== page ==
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Why I wrote a book to help women shape their financial future

Amanda Redman is an award-winning chartered financial planner and pensions expert.

Amanda Redman’s book Dare to Be Fair equips women with the right information to take control of their finances and shape their future.

Drawing on her own experiences as a woman in the corporate workplace, a working mother who launched her own business and the many women she has worked with, Amanda’s book addresses why women are being financially disadvantaged in life, how we can change the status quo and the tools needed to do so.

“I’ll start by saying that I’m not a writer by profession, I’ve never written a book before or undertaken anything similar… and somehow, I felt compelled to write this one,” she said.

“Throughout my corporate career and profession as a financial adviser, it’s struck me that the corporate workplace is still not set up to enable women to succeed. From barriers to going back to work after having children, to remuneration structures that reward longevity of service and those prepared to negotiate over salary, I saw that a change needed to happen.

“It also became increasingly apparent to me that many women I have worked with feel less confident about their finances than their husbands or partners do and are not getting involved in planning for the long-term. I don’t believe that women are any less capable of understanding and taking control of their financial plan, so why don’t they? With the right guidance and information, all women can understand, plan and create the best financial future for themselves and their families, and that’s what my book is setting out to do.”

Dare To Be Fair challenges women to assess their current financial situation and start to create a financial plan that will equip them for later life. It will also help them to consider their position in the workplace – their remuneration and career opportunities – and give them ideas to help change this, to achieve greater fairness in their life.

Some of the issues Dare To Be Fair tackles include:

Becoming self-sufficient

Unfortunately, in Amanda’s experience, the first time many women sit down to look over their finances is in the wake of a crisis, be that a bereavement, ill health or a divorce. If you can be fully aware of your and your partner’s financial situation now, you’ll be better prepared to deal with any changes that life throws at you.

Work after children

The current ‘norm’ seems to be that once a woman has had a child, she’s likely to return to work part-time – Dare To Be Fair will open your eyes to the consequences of this. The reality is, working part-time is likely to leave you with less chances of advancing your career, less ability to save for your future and a smaller pension pot than your partner.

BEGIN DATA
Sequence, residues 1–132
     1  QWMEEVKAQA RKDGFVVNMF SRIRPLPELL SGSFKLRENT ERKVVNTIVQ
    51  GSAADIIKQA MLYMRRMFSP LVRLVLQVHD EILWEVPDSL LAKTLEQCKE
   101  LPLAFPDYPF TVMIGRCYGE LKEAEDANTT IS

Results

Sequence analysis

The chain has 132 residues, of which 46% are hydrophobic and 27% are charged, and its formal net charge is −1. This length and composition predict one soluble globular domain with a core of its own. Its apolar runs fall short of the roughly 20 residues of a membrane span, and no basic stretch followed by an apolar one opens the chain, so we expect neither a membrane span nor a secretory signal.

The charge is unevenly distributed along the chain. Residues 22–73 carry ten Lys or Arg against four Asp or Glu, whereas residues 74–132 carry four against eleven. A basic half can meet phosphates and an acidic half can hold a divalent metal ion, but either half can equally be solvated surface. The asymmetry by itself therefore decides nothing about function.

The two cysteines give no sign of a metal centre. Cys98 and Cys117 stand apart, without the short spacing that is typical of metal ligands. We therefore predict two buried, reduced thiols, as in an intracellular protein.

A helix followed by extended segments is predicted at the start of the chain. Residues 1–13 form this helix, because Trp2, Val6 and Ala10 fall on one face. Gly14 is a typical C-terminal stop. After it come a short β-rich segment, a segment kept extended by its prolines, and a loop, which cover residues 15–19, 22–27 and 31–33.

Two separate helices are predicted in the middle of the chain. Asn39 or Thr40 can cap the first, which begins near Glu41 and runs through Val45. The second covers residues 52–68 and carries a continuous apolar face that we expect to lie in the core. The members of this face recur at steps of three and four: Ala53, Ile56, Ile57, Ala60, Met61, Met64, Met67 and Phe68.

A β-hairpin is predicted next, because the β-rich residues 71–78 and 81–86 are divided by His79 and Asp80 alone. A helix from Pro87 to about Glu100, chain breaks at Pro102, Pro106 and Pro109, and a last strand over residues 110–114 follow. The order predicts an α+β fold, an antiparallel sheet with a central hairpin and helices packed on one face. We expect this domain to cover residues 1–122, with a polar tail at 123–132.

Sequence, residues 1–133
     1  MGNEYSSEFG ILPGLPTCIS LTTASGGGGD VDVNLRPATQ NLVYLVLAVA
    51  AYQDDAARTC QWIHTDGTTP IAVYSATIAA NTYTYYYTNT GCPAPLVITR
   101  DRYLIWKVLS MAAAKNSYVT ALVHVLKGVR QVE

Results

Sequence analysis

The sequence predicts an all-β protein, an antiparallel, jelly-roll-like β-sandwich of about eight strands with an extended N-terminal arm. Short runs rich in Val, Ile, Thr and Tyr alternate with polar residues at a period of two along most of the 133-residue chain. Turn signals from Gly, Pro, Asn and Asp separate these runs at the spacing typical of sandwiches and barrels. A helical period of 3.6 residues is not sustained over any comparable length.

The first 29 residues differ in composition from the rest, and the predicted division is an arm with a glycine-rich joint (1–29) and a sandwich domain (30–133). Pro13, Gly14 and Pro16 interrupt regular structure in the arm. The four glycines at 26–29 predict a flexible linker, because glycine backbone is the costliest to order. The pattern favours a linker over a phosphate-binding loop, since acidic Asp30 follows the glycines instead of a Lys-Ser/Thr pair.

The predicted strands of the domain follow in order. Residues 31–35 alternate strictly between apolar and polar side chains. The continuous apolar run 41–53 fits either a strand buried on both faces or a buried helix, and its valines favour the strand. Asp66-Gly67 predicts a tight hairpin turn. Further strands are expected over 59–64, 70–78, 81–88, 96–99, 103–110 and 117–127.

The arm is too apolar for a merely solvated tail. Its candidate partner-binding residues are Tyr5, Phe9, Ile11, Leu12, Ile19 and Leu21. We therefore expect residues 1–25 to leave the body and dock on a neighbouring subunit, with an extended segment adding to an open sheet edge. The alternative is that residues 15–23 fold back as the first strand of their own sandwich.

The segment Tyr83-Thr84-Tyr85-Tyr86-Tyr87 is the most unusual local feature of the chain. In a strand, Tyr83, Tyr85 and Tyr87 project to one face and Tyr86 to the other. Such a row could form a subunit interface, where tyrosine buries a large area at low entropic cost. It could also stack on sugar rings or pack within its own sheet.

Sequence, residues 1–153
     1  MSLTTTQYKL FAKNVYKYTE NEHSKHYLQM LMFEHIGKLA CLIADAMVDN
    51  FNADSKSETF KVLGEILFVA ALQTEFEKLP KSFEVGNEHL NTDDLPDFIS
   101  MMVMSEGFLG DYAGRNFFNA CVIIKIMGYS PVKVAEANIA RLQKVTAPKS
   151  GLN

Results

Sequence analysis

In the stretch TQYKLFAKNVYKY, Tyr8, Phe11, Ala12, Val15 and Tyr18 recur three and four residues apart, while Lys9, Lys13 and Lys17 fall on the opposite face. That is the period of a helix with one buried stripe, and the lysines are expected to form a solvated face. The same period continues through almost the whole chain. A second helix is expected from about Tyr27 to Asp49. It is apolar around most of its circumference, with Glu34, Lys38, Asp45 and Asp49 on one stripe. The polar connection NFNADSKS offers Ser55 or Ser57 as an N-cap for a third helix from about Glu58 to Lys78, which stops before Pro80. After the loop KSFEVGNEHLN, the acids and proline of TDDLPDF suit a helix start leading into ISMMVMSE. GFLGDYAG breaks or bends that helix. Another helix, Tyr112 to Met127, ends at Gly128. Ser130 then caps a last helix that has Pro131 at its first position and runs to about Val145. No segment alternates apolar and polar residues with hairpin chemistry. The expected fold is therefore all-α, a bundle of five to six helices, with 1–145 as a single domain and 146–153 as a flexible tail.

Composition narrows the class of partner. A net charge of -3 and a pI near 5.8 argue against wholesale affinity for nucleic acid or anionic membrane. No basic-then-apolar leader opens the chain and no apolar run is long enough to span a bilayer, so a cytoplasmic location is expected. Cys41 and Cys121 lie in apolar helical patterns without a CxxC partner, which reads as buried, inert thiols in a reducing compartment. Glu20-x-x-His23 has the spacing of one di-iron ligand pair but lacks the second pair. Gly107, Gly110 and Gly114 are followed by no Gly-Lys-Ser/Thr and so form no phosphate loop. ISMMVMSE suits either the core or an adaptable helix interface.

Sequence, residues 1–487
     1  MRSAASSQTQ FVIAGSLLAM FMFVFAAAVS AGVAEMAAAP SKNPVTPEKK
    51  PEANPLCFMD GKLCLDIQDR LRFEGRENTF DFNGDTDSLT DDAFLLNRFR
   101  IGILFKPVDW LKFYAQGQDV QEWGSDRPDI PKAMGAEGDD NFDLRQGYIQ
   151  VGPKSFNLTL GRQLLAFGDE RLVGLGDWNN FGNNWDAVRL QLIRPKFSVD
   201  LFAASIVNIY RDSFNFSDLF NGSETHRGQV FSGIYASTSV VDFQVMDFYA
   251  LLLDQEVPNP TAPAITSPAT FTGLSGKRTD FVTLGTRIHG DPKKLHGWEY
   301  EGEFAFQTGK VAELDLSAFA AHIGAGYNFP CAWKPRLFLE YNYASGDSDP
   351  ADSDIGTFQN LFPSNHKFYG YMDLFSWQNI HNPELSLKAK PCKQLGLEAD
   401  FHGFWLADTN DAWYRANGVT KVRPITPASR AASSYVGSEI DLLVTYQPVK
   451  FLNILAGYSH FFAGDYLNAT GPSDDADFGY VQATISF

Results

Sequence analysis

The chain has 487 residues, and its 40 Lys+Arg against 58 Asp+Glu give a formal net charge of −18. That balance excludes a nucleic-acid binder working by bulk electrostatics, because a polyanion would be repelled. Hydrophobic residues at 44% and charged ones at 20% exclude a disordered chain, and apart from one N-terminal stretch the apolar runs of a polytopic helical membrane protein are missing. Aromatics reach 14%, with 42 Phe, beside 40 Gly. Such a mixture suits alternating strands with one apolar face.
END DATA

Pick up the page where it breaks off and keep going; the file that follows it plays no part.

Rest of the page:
Workplace cultures

It’s no secret that corporate workplaces have been shaped by men over decades. So, how can we go about changing years of female underrepresentation?

Talking to our friends

We can all be part of the solution. Dare To Be Fair will help you instigate conversations with your friends, children and family members so that we can start to change the narrative for other women.

As well as pointing out the reasons why women are often less financially confident than men, Amanda’s book offers women practical tools to help achieve greater equality, whether at home, within the workplace or in society including:

How to create a financial plan

If you want to fully understand your financial situation, it’s best to create a financial plan. Amanda breaks the process down into smaller stages, making the whole thing less daunting.

Understanding your pension

Pensions are confusing but that doesn’t mean that you can just stick your head in the sand and ignore them.

One of the biggest motivations for me writing my book was the fact that many women in their mid-60s are retiring in relative poverty, or are having to continue working because they can’t afford to retire” Amanda said. “If we understand how pensions work, we can take action now to avoid not having enough money to see us through the later stages of our life.”

Changing how we view money

Many of our attitudes towards money now will have been shaped by our early experiences with it. For example, if money was scarce when you were younger, you might feel like you can’t spend anything now; or, if money was a taboo topic in your house, you might not feel comfortable discussing it. Dare To Be Fair touches on creating a healthier relationship with your money and finances.

How to fight for fair at work

As women, we’ve probably all experienced some level of direct, or indirect, discrimination in the workplace. That might have been not being able to return to work on the same paygrade or in the same role after maternity leave, finding out your salary was comparably smaller than a male colleague or not feeling like putting yourself forward for a promotion when male colleagues have no issue with doing so. This book sets out actions you can take as an individual, and also top-down strategies that organisations can implement in a bid to ensure greater financial fairness between the sexes.

Creating a more equal relationship 

Although Amanda is a huge advocate for women returning to work post-children, for some families this is not the right decision. Whether you work again or not, there are ways to ensure that you remain financial equals regardless of who earns or works more, such as the main breadwinner paying into the wife’s pension so she is not financially disadvantaged in retirement.

Dare To Be Fair is available via Amazon, or www.dare2befair.com.

Charlotte Harding
Charlotte Harding
Charlotte is a journalist and the co-founder of The Women's Work Collective.
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